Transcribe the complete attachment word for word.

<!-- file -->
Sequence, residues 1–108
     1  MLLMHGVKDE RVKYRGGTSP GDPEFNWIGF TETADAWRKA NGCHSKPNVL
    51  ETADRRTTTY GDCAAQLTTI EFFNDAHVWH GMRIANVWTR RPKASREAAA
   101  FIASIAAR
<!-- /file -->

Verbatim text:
Sequence, residues 1–108
     1  MLLMHGVKDE RVKYRGGTSP GDPEFNWIGF TETADAWRKA NGCHSKPNVL
    51  ETADRRTTTY GDCAAQLTTI EFFNDAHVWH GMRIANVWTR RPKASREAAA
   101  FIASIAAR